To the Editor:
I was relieved to see that Harvey Silverglate’s letter appeared in the April Fools’ Day “parody” issue of The Record. Otherwise one might actually have to take seriously his contention that students who speak their minds about racism and sexism dishonor free speech, or try to make sense of his hysterical reaction to “a standing room only ‘town hall meeting called to discuss allegations of racism and sexism.'” Oh, the horror – students assembling and speaking freely about racism and sexism, in a well-attended forum, no less!
The purveyors of adolescent, bigoted, misogynist claptrap do not have a monopoly on free speech. Those who stand up to criticize racism and sexism in an environment often hostile to the reflective discussion of either are just as entitled to free speech. Harvey Silverglate and other self-designated protectors of free speech may think that HLS students need instruction from them as to what qualifies as free speech and academic freedom (contrary to what Mr. Silverglate implies, these terms are not interchangeable), but wishing does not make it so.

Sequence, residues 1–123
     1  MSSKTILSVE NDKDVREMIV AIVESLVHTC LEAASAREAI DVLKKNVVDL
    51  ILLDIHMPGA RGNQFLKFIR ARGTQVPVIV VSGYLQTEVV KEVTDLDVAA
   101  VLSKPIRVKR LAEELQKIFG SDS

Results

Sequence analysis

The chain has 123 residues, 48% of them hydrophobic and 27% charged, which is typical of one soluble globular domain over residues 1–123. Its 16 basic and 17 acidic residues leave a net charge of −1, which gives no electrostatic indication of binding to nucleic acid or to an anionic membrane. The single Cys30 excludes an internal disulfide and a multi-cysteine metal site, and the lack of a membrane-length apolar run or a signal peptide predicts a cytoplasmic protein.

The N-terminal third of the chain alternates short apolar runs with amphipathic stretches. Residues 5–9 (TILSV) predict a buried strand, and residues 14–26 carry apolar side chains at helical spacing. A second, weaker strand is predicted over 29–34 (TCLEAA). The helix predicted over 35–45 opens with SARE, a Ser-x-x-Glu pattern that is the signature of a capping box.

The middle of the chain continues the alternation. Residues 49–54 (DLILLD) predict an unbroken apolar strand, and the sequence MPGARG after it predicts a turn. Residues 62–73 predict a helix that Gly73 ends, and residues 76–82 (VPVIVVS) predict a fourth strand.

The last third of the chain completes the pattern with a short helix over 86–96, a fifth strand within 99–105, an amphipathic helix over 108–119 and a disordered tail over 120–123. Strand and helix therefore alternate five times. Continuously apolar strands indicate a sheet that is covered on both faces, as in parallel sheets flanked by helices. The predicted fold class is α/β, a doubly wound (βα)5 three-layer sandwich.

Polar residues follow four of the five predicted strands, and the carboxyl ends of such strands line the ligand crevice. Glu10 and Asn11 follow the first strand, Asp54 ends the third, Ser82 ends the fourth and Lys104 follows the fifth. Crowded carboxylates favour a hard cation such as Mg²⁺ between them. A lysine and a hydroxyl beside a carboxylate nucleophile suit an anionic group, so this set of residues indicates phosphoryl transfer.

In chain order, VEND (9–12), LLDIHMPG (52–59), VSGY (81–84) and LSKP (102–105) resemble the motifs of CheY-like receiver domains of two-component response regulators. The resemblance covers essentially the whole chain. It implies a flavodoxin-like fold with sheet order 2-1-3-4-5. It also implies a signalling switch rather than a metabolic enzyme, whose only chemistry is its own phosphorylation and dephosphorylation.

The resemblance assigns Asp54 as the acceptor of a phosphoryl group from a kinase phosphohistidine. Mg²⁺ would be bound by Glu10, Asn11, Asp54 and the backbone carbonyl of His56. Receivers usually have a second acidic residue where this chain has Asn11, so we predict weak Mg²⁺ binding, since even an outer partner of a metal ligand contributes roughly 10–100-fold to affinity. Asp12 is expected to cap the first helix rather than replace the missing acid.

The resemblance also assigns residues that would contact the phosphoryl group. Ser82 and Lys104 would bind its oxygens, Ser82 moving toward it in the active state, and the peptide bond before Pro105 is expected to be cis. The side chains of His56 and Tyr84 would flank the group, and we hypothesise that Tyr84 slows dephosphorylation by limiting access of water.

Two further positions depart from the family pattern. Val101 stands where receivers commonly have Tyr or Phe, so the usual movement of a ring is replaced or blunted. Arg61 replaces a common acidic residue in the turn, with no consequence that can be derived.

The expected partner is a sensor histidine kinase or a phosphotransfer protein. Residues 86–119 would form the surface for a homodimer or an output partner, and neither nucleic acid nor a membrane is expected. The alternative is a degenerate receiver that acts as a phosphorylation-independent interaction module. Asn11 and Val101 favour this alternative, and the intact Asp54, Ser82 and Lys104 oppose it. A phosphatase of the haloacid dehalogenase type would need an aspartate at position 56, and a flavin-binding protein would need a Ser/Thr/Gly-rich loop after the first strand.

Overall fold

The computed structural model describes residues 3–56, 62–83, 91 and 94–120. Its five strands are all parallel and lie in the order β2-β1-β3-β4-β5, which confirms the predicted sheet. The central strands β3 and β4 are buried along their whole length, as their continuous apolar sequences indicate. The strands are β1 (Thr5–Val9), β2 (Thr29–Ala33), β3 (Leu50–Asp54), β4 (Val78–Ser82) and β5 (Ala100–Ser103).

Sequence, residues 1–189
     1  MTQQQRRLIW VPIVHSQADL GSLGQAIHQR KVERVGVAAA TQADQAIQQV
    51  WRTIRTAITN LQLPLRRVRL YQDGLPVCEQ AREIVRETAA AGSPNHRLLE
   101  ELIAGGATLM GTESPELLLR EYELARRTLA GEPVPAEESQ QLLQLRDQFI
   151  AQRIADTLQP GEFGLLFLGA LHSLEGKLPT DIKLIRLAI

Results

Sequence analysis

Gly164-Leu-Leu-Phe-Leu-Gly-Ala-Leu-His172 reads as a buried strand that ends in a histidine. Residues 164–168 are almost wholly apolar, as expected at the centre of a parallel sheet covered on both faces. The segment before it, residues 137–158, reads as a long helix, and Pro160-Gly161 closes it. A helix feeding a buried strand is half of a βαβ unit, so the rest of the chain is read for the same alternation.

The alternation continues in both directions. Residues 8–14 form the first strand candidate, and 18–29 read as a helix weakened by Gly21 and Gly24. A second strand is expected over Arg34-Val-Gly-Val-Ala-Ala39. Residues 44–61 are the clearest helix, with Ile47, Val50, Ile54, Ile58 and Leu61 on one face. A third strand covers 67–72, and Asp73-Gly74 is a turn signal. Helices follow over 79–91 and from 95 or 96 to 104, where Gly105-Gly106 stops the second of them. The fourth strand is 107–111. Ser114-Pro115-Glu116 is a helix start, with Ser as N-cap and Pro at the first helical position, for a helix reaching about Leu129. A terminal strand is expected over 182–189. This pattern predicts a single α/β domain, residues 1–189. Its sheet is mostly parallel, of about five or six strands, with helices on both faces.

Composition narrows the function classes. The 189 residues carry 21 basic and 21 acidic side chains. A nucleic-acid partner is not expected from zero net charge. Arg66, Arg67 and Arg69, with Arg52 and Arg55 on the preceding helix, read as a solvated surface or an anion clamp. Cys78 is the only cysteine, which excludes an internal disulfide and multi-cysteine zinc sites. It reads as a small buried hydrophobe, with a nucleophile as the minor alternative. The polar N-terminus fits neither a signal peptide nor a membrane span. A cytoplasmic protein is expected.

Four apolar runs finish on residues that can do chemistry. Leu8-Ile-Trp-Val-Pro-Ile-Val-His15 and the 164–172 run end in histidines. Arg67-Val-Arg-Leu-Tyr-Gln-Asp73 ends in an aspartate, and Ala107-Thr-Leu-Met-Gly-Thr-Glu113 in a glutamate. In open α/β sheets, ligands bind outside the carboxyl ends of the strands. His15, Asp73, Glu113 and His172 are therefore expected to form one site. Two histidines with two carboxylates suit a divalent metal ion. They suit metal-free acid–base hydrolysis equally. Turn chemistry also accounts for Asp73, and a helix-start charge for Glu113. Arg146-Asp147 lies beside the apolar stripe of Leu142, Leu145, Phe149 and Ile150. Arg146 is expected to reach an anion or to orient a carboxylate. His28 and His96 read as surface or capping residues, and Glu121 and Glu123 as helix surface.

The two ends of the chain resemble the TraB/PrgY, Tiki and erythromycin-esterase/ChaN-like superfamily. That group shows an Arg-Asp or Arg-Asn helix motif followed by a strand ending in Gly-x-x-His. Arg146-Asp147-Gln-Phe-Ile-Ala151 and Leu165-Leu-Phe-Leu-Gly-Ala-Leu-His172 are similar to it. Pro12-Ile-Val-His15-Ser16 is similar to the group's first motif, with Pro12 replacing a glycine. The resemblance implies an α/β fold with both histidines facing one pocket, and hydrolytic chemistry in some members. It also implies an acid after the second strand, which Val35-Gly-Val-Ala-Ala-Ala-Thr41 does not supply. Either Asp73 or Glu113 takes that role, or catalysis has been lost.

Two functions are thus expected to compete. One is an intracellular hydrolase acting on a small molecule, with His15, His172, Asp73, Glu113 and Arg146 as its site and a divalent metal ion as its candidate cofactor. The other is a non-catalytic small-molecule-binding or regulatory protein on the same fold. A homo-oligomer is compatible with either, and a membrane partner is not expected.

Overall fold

Regarding his sophisticated reference to Hustler v. Falwell, Mr. Silverglate might do well to recall that the chief finding of that case was that a “public figure” may be barred from recovering damages for defamation. While HLS is a pretty prestigious place, I suspect that merely being a member of the student body here doesn’t transform us all into public figures. As to the contention that “[p]arody is supposed to be biting and hard-hitting,” I wonder if Mr. Silverglate can cite a single example of the Parody’s biting, hard-hitting satire among the breast jokes and the Ebonics. Finally, Mr. Silverglate and others critical of the Parody town hall might also want to consider that critique of the Parody is not animated by mere “hurt feelings,” but rather by concern about the impoverishment of social discourse on contentious issues such as racism and sexism at HLS. But then again, Mr. Silverglate seems to think that HLS needs no higher standards for social discourse than those of Hustler magazine. Let’s just hope it was a joke.
Mary Anne Franks, 2L
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